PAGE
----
Патент USA US2128760код для вставки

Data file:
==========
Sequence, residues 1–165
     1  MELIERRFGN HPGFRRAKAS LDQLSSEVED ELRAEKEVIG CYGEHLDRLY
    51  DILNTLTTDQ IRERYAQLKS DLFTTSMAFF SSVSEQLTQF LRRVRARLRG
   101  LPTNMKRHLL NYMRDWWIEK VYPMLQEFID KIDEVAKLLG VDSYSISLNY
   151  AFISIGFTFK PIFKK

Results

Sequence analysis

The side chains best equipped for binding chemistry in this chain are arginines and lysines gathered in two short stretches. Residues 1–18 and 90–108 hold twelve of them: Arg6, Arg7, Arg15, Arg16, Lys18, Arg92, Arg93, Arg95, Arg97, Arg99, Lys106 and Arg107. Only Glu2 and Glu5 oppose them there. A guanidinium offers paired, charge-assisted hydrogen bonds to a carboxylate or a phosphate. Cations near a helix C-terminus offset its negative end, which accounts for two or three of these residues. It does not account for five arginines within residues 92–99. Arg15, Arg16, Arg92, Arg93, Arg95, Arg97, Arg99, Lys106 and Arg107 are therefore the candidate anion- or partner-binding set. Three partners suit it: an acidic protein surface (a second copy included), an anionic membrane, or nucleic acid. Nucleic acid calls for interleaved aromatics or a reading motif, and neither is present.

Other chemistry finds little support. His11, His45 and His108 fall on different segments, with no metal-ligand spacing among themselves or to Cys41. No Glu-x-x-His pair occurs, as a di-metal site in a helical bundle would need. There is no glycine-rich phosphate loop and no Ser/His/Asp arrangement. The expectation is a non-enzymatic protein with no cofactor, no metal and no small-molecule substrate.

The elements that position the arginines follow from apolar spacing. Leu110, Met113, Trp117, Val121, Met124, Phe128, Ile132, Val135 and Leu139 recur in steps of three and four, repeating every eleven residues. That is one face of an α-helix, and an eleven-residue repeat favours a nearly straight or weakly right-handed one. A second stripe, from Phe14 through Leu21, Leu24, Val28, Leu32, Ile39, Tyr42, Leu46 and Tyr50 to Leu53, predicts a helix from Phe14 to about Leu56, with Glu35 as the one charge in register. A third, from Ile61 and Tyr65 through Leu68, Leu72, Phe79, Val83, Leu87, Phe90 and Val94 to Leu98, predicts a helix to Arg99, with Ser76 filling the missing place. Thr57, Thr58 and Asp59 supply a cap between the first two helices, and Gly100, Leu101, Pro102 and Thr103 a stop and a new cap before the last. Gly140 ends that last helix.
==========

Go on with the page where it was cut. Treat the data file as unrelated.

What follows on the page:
Aug. 30, 1938. ‘A, SHAPIIRQ 2,128,760 LIQUEUR’ AND METHOD OF MAKING SAME Filed ‘July 1, 19:57 QMW id?raizam 4573070170) 2,128,760 ,- Patented Aug. 30,? UNITED " STATES‘ PATENT OFFICE 2,128,760 . LIQUEUB AND Ma'monoF MAKING sans‘ ‘ Abraham Shapiro, Chicago, Ill. Application July-1,-1937,‘Serial No. 151,524 10 Claims. (ores-so) With these and equally important and related queuramore particularly to an improved method Jobjects in view, the invention comprehends a ’ . concept of producing an improved type of sugar of producing cordials. ' As is known, it hasbeen suggested to produce ' solution, and utilizing this in a blend with alco >5 cordials and equivalent liqueurs, by adding to an holicbeverages, and/in conjunction with a cellular alcoholic beverage a mass of sugar crystals such or similar framework, which is of such charac ' This invention relates to improvements in li as rock candy. An example of this type ‘or bev- , teristics, as to form, so to speak, a preferential focus for crystallization of the sugar so as thus . erage is the well known "rock and rye.” While such products are distinctly tasteful, the 10 bottled article has not been particularly attrac tive in appearance, due to the fact that the crys tals accumulate in a rather unsightly mass in the base of the bottle. Attempts have been made, in the past, to grow the crystals within the bottle 15 itself and in a more pleasing and artistic form. Thus it has been proposed to add a sugar solution or syrup to an alcoholicjbase and to allow the crystals to develop within the alcoholic solution, in the expectation th‘ t the crystals would aggre gate in an attractiv pattern. Such‘ methods, to develop a crystal growth of established or pre determined pattern within the alcoholic solution. As intimated hereinbefore, it has been attempt io' ed to develop a crystalline mass within a trans parent liquor container. This has been attempted by adding a warm solution of sucrose to an alco holic base, the concentration of the sucrose, and 16. the temperature of the-syrup being so adjusted that when the temperature of the ultimate mix ture was reduced to normal or room temperature the solution became supersaturated and crystal lization was initiated. However, in such methods however, haye not produced the expected results. the crystals formed without any de?nite pattern, It was found that the crystals tended to form on - helter-skelter, so'to speak, on the sides and bot and adhere to the interior walls of the container, , tom of the bottle resulting in unattractive and especially near the base, in unsightly aggregates. relatively massive- crystal agglomeration con ?ned largely 'to the lower portion of the container Furthermore, such earlier products were consti or bottle. Such products, furthermore, were not tuted entirely of sucrose and under relatively ele vated'temperature conditions tended rapidly to particularly permanent. When the container was shipped to warm climates or stored in warm . It has now been found that by a simple method . places, the sucrose crystals tended rapidly to dis dissolve. of procedure it is possible to develop relatively permanent crystals. in a de?nite or predetermined pattern within an alcoholic solution so, as to pro duce a product which is as pleasing in appearance as in tactile characteristics. As will be seen more fully hereinafter, the improved crystallized prod ucts are characterized by novel physical as well as optical characteristics. These improved fac solve‘ with a consequent diminution‘ of the size of 30 the crystals andan equivalent reduction in the attractiveness of the package. _ According to the present invention, crystallized cordials or equivalent beverages may be produced which are characterized not only by a marked 35 distinctiveness and an improved appearance, but which also present a. permanency, especially un tors, taken in conjunction with the artistic den-. der elevated temperature conditions, heretofore . dritic or arborescent crystal development pre-_ unattainablesents an article which is as characteristically ' In order to render the invention more readily novel as it is attractive. The novel crystalline structure similarly presents physicochemical characteristics which renders itv eminently effec understood, a typical physical embodiment is .shown in the accompanying drawing in which: tive as a ‘sweetening agent for alcoholic beverages. bottle in the early stages of the process. Since the invention comprehends the ,prpduction' of an artistic dendritic aggregation of sugar crys tals, it may, for the sake of, a term, be'designated as a dendrose. Figure 1 represents a transparent container or _ a Figure 2 represents the bottle or package after the crystals have grownv in situ and in the indi cated predetermined pattern‘: - » ' The invention will be more ‘readily understood _, An object of the present invention therefore is 50 to produce improved types of cordials or liqueurs. Another object is to devise an improved method of packaging cordials‘ and the like. Yet another object .is to provide an improved ’ method of developing crystalline aggregates 'of 55 predetermined form and within a potable liquor. upon a consideration of ' a typical,“ illustrative process for producing a '70 proof cordial. ' In producing such a product, a special syrup is first prepared. In brief, such syrup comprises‘ an aqueous solution which (at normal tempera tures) is substantially saturated with sucrose and to ‘which is added a quantity of lactose. It is to A further object is to produce an improved be noted at this point- that lactose is not only form or sugar crystal-containing liqueurs in which . less soluble than sucrose, but also differs from the the solubility of the crystals may be controlled. latter in crystallizing in hard rhombic prisms Yet another object is to provide artistic pack rather than in'soft monoclinic crystals. It will ages for liqueurs.» ' - - - be remembered that sucrose is soluble in substan 60' 2 2,128,760 tially one-third of its. weight in water, more Excellent results have been secured by inserting a speci?cally a saturated solution, of sucrose at sprig of the plant commonly known as \“babies’# 25° C. contains approximately 67.9 per cent. of - breath" (Gypsophila). A sprig of this plant, in sucrose. Lactose, on the other hand, ‘is dis effect, constitutes a dendrite on the branches 3 tinctly less soluble; thus, a’ saturated solutionv of which are present small blossoms or nodules voi’ lactosev at normal temperatures, contains ap proximately 17 per cent. of this sugar. Similarly, it will be appreciated that the utilization of lac tose insures the production of a harder crystal 10 lized product and one which is of improved and characteristic optical properties. ' 4, such nodules constituting spicules which func tion as foci of crystallization. Therefore, when such a twig is placed in a bottle,'and the ‘alcohol sugar solution admitted, preferably at a tem parature above 100° F., the bottle may thereafter I. be sealed as shown in Figure 2. When the liq In a typical operation, and as noted, for the‘ uor cools down to the crystallization point of preparation of a '70 proof cordial a syrup may be made up by dissolving approximately 518 pounds 15 of sucrose in about 28 gallons of water. To this is preferably added about 6% pounds of lactose. The percentage of concentration works out to be about 68 per cent for the sucrose and about 2.7 per cent for the lactose: _ Thus, it is evident that when reduced to room temperatures, there is pres ent a sucrose solution which is saturated under normal room temperature and with plain water, to which water has been added a small quantity of lactose which is clearly less than the- amount necessary to saturate. The solution is heated up to about 215° F. to insure dissolution of the sugars. This syrup, while in the heated condi tion, is then transferred‘ to a container in which it is admixed with the'alcoholic base. In actual commercial practice, the hot solution will be the particular solution, the crystals 5 initiate at the blossoms and then develop or grow along the branches of the'twig. In the typical case, the ll crystal growth starts within about 12 hours and attains ultimate development in about 48 hours. when the ultimate crystal, growth or develop ment has been attained, such crystals are found‘ to follow the dendroid structure of the frame work and encompass or adhere to‘ the cellular structure of the twig as shown in Figure 2. A most interesting'feature of the invention is the fact that the mass of crystals 'within. the bottle area, so to speak, are distributed over the full height of the bottle and on or along the twigs, rather than being concentrated in an unattrac-_ tive agglomeration at the base of the'bottle. _ While a natural sprig, such as “babies’-breath" has been indicated, as being desirable, it will transferred to what is known as the process ‘ be understood that under the broad concept of tank of the rectifying establishment. In this typical example given, the stated quantity of syrup is added to approximately 38 gallons of 190 proof aqueous alcohol which may contain the suitable ?avoring constituents. As will be ob served, the total volume constitutes approxi-' mately 100 gallons. This solution is agitated to homogeneously admix the syrup and the liquor, and is then transferred to a bottling tank. During this eliminary procedure of mixing and transferring, the temperature of the mass will have diminished somewhat. In typical oper ations, it is found that in these’ circumstances the the invention, a number of speci?cally different materials may be employed. . Thus, the dendridlc (or other predetermined shape) framework may be comprised of any substance which is of a sufficiently spicular exterior as to effectively function as a focus for the crystal growth. Thus, in lieu of “babies’ebreath", other twigs or frame works of arti?cial plastics such as regenerated _ cellulose, cellulose nitrate, and the like, may be 40 employed. If desired, such framework may be preliminarily treated by dipping in a‘ suitable solution and drying so as to insure the presence of the foci for crystalline formation. Such plas temperature of the mass is reduced to approxi- ‘ tic framework may be stamped out in any pre mately 150° F. It will be understood that at any determined design or pattern so as to produce a 45 suitable stage in the process, suitable coloring crystal area of the desired configuration. Such and ?avoring materials may be added. / When natural fruit ?avorings are utilized, itis desirable con?gurations may, as in the case of the natural twigs, be of the dendritic form. However, as to add such at a later stage of the process, that will be appreciated, other symmetric or fanciful is to say, when the temperature has been low I designs may be attained. If desired,'the frame ered to preclude any loss of the volatile flavor work may be shaped in the form of a letter cor ing constituents. These ?avoring constituents responding to the name'of the manufacturer or may be chosen from a wide group, depending‘ on hearing some relationship to the trade-mark or 55 the particular cordial or liqueur that is to be brand. The ramifications or variations in'the produced. Such ?avors may therefore constitute ultimate appearance and. consequent improved 55 natural fruit syrups, concentrated alcohol per .salability will readily recommend themselves to colates of berries, seeds, and the like. ' those skilled in the art. It will be observed that the solution‘ at this point constitutes an aqueous alcoholic solution of a syrup which is maintained at elevated tempera tures but which is supersaturated with respect to normal or room temperatures. The product thus constitutes a potentially crystallizable sugar solution and one in which the crystallization point may accurately be predetermined. Such an'alcoholic-sugar solution is employed ~ in conjunction with a novel framework which constitutes or serves'as a predetermined nucleus 70 pattern. ’ - '— - In the preferred form of the invention, and as shown in the drawing, such‘ a framework I is inserted into the transparent bottle 2, in the bot tling plant, and the liqueur solution, while at an is elevated temperature, is admitted to the bottle. An interesting, ‘and distinctive feature of the present invention, from an aesthetic standpoint, is the fact that it presents for the ?rst time the possibility ofproducing a package of crystallized cordial vproduct in which the sugar crystals themselves may project‘ beyond the level of the liquid. For example, distinctly pleasing eifects are secured by producing, for.example, a. black berry cordial. When this ‘ cordial solution is made up and bottled in the manner described, the mass of crystals forms in the dendritic struc ture within the bottle. When a portion of this 70 liqueur is consumed, the bottle prwents a dis tinctly attractive appearance in that it comprises a transparent container in the lower portion of which is a mass of colorful liquid in which is con tained a tree of crystals and above which pro-' 3 aiasyeo jects the upper reaches of the white, pure, crystals. It will be understood that the methods de scribed herein are applicable to the production of any type of sweetened liquor that is to say, with any type of liqueur or cordial. It will be under stood also, as pointed out hereinbefore, that by properly controlling or regulating the amount of lactose in the syrup solution, the crystalliza tion point may be controlled. For example, for the production of cordials which are to be shipped to the warmer climates, it is desirable to adjust It will also be appreciated that while lactose has been described as the preferred ingredient in the syrup, other sugars such as maltose, which presents the same general characteristics, may be used either alone or in admixture with lactose for the purpose of insuring the supersaturation of the sucrose solution. It will be appreciated that while it is advantageous to form the initial the solution so as to effect crystallization at a relatively higher temperature, namely, about 90° F. This may readily be done by the simple ex pedient of increasing the percentage of lactose in the solution. ~ It will thus be observed that utilizing the con cept of a special sugar solution in conjunction 20 with the focal framework for the crystals, novel and improved types of products may be produced. It is particularly to be observed that such prod .uct does not involve any change whatever in the apparatus heretofore used or in the bottling syrup of both the sucrose and the lactose, the invention also comprehends the utilization of 10 separate syrups of these two sugars. Such syrup may be separately added to the alcoholic base ‘ when so desired. ’ Therefore, while preferred embodiments of the invention have been described, it will be under 15 stood that they are given‘ merely ‘to exemplify the underlying principles of the invention and not as limiting it to the'particular methods de scribed. ' I claim: ' l. A syrup for addition ‘to alcohol containing a substantially saturated sucrose solution‘ at room temperature‘ and approximately 2.7 per cent lactose. 2. An alcoholic liquor containing about 68 per 25 cent sucrose and about 2.7 per cent lactose re is the insertion of the nucleus framework in the .ferred to the water content only., ' 3. An alcoholic liquor containing about 68 per bottle. It is also to be'observed at this point that the» cent sucrose and about 2.7 per cent lactose with framework may be inserted in the bottle at any reference to the water content and having there 30 time prior to that at which the solution reaches in a dendritic framework of sufficient mechan its crystallization point. In other words, if' de ical strength to support the encrustment of equipment. The only additional step involved sired, a container ?rst may be ?lled with the alcohol-sugar solution and the twig‘ or frame work thereafter inserted and at any time before large crystals’precipitated thereon. the solution is sufiiciently reduced in temperature to insure crystallization. of sucrose and lactose, mixing alcohol therewith, the ?nal concentrations with respect to water of the sucrose and lactose being about 68 and 2.7 vper cent respectively and bottling the mixture whereby within about twelve hours after cool In the preparation of the solution, and in or der to prevent inversion, it may be desirable to add a small quantity of sodium sulphite. Thus, to one hundred gallons of alcohol-sugar solution,‘ 40 there may be added about an ounce of sodium sulphite dissolved in some water. _ It will, of course, be appreciated that while the preferred embodiment of the invention comprises the preliminary preparation of a suitable syrup 45 and the addition ‘of this syrup to the alcoholic solution, such procedure is not essential. ‘ This is to say that the new crystallized products may be produced by other methods. vFor example, the novel vproducts may be produced by dissolving . 4. The method of making an alcoholic drink which comprises making a hot aqueous solution 35 ing, large crystals will form. > 5. The method of claim 4 wherein said mix ture is bottled prior to crystallization and pro vided with a framework of su?lcient strength tov support the encrustmentof large crystals'formed 45 thereon. > ‘ 6. The liquor of claim 3 wherein a sprig of‘ a - member of the Gypsophila family is utilized as ‘the framework. '7. In the manufacture of an alcoholic liquor 60 containing sugar crystals, the method for ob the sugar directly in the alcoholic solution. Preferably such a method is carried out by add ing the sugar to the alcohol or liquor contained taining relatively large localized crystals, which in a kettle with a re?ux condenser. about 2.7 per cent of lactose to said sucrose solu 55 tion and adding this solution to 'n alcoholic mixture of a sufficiently high concentration to I have no substantial effect on the ratios of sugars After com plete dissolution the resulting product may be transferred to the bottling tank and bottled in the manner described. As a speci?c example of 7 a process a rock and rye may be prepared , such comprises ‘preparing an aqueous sucrose solu tion saturated at normal temperatures, adding I 8. In the manufacture of alcoholic liquor, the 60 method of controlling the crystal formation of sugar, which comprises providing a quantity of rye whiskey, 10.5 gallons of 190 proof alcohol, sucrose ‘sufficient to saturate the water content 518 lbs. of sucrose and 6% lbs. of lactose. The . of the liquor at room temperature and providing mixture is heated to insure dissolution of the about 2.’! per cent of lactose with reference to 65 with a 100 proof rye whiskey in the following manner. Into a kettle, equipped with a ‘re?ux condenser is admitted 53.3 gallons of 100 proof 65 sugars. The resulting solution, at a temperature of not less than 150° F. is then transferred‘ to to water. the water content. ‘ ' 9. The method’ of claim 8 wherein a small the bottling tank and the ?nal bottling carried - amount of sodium sulphiteis added to the so out in the manner previously described. ' It will be understood that when alcoholic bases\ lution. 10. The syrup of claim 1 wherein a small quan 70 of lower alcohol concentration are employed this tity of sodium sulphite is added. high aqueous dilution is balanced or compensated ‘ ABRAHAM SHAPIRO. by reducing the quantity of water in the syrup.